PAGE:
Transition to Adult Life For Students in Special Education (page 3)
The symptoms of learning disabilities persist into adulthood. Of course, this category is populated by a broad range of students, with varying needs for support as they transition to adult life. The supports that any particular student with a learning disability will need depends on the severity of the deficits that the individual has relative to academic and social/behavioral skills. Some of the students with the mildest of disabilities learn to compensate for these deficits and are very successful in life with no support. Others with severe reading or language problems that persist into adulthood may have great difficulty succeeding in postsecondary education or getting and keeping a job.
Research has documented relatively high levels of employment for persons with learning disabilities immediately after high school. For example, Goldstein, Murray, and Edgar (1998) found that persons with learning disabilities worked more hours per week and earned more than peers without learning disabilities during the first 4 years after high school. This finding reflects the fact that the relatively mild disabilities that characterize learning disabilities did not serve as a major barrier to obtaining entry-level (and relatively low-paying) jobs.
While this finding is cause for some optimism regarding the employment prospects for persons with learning disabilities, which are better than those for people in other disability categories (Mellard & Lancaster, 2003), the long-term employment prospects are not so positive. More specifically, Goldstein and colleagues (1998) found that, after 4 years, persons without learning disabilities earn much more than persons with learning disabilities, with no significant difference in hours worked. Mellard and Lancaster (2003) speculate that this trend in earnings occurs because "adults without learning disabilities are finishing college or specialized training and receiving promotions during and following the 5th year of employment, while adults with learning disabilities are experiencing career stagnation" (p. 360). This career stagnation occurs primarily because a large proportion of persons with learning disabilities do not participate in postsecondary education.
Thus, the vocational success of students with learning disabilities, as with students without learning disabilities, is strongly related to participation in postsecondary education. Engaging these students in a discussion of the value of postsecondary education and the range of postsecondary options that exist is critically important to ensuring that students with learning disabilities are well prepared to make decisions about their life after school (Mellard & Lancaster, 2003). Furthermore, careful selection of postsecondary options that provide the necessary supports for persons with learning disabilities to be successful is an important consideration.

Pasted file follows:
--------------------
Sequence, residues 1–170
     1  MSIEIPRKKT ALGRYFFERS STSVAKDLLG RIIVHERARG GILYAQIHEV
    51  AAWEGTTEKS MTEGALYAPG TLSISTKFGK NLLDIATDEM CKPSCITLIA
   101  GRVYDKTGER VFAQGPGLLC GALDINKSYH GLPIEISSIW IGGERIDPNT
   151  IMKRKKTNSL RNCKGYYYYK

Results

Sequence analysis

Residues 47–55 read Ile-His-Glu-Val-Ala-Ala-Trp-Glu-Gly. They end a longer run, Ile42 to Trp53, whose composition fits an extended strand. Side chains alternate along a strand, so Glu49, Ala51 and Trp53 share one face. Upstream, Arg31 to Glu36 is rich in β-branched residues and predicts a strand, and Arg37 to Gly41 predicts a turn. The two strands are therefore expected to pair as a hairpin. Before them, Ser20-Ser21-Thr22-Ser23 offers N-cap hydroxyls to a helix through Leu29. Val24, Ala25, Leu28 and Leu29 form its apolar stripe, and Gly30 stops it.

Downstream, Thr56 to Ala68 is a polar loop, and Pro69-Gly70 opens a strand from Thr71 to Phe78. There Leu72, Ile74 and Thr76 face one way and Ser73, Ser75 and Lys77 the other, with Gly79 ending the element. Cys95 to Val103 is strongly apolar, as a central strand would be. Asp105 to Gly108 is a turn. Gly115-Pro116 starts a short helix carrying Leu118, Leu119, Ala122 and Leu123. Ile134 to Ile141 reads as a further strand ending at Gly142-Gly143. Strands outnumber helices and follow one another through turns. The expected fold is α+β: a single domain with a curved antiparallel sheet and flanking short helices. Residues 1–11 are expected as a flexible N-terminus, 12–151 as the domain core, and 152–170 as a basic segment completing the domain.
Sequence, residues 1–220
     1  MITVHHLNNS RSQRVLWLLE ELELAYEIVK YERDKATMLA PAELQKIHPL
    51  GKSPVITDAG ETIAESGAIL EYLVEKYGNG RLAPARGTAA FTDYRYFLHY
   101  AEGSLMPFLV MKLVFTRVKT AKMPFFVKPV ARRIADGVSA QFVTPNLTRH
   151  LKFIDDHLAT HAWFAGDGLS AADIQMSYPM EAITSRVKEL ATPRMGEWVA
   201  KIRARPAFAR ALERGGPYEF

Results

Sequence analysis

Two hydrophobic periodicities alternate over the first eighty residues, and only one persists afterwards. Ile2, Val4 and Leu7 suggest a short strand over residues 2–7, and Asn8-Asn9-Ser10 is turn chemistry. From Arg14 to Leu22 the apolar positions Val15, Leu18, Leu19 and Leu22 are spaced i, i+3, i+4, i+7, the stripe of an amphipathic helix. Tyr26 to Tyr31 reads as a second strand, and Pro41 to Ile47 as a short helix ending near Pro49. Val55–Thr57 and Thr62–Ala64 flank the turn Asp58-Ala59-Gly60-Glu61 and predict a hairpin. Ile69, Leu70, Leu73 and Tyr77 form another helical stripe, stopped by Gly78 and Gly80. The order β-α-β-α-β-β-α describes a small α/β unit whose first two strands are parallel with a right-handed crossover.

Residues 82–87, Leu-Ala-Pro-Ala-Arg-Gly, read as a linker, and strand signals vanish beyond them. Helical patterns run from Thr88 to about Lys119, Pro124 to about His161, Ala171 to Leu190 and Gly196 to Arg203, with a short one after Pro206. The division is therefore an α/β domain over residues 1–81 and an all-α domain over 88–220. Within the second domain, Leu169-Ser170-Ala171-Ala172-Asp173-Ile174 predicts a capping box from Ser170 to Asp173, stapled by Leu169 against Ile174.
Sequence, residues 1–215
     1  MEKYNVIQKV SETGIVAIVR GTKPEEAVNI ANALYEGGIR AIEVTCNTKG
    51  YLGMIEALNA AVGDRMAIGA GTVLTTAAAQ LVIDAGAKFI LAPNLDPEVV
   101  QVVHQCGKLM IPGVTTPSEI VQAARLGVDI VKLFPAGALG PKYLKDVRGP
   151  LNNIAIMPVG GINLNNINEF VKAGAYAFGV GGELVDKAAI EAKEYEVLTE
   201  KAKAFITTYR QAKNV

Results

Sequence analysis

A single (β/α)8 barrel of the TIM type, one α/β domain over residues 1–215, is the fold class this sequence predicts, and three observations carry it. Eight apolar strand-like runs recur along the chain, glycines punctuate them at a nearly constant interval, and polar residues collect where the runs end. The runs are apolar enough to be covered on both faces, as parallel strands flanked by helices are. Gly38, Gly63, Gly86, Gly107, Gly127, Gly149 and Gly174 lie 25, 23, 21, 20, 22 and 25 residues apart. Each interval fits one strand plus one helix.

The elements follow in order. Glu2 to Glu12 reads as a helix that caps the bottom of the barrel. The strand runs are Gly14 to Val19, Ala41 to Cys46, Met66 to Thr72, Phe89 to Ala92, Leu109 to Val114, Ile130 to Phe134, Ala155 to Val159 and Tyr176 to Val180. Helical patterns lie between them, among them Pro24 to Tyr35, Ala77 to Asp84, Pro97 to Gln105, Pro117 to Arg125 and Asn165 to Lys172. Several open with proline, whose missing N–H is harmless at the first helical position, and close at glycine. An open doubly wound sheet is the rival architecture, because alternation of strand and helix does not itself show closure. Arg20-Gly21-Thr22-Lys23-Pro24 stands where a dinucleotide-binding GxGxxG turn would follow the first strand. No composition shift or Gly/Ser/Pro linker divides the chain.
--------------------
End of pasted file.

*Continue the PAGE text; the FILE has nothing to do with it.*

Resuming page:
Support in Higher Education
Many students with learning disabilities will attend some form of postsecondary education, often a 2- or 4-year college. Many colleges and universities make special accommodations and provide supports for students with learning disabilities through student services offices on campus. Information regarding colleges and universities that offer comprehensive programs for students with learning disabilities are described in Colleges with Programs for Students with Learning Disabilities or Attention Deficit Disorders (Peterson's Guide, 2003).
It is noteworthy that some states have made significant efforts to develop support systems for students with learning disabilities in postsecondary settings. For example, the California community college system has developed supports for students with learning disabilities, including extensive in-class assistance as well as support in other areas (e.g., counseling, assistive technology, support in transitioning to a 4-year institution of higher education) (Mellard & Lancaster, 2003).
Many students with learning disabilities will need specific accommodations in college courses to be successful. Allsopp, Minskoff, and Bolt (2005) have developed and validated a course-specific strategy-instruction model for students with learning disabilities and attention deficit hyperactivity disorder who are attending college. More information regarding this model is provided in the "Site Visit."
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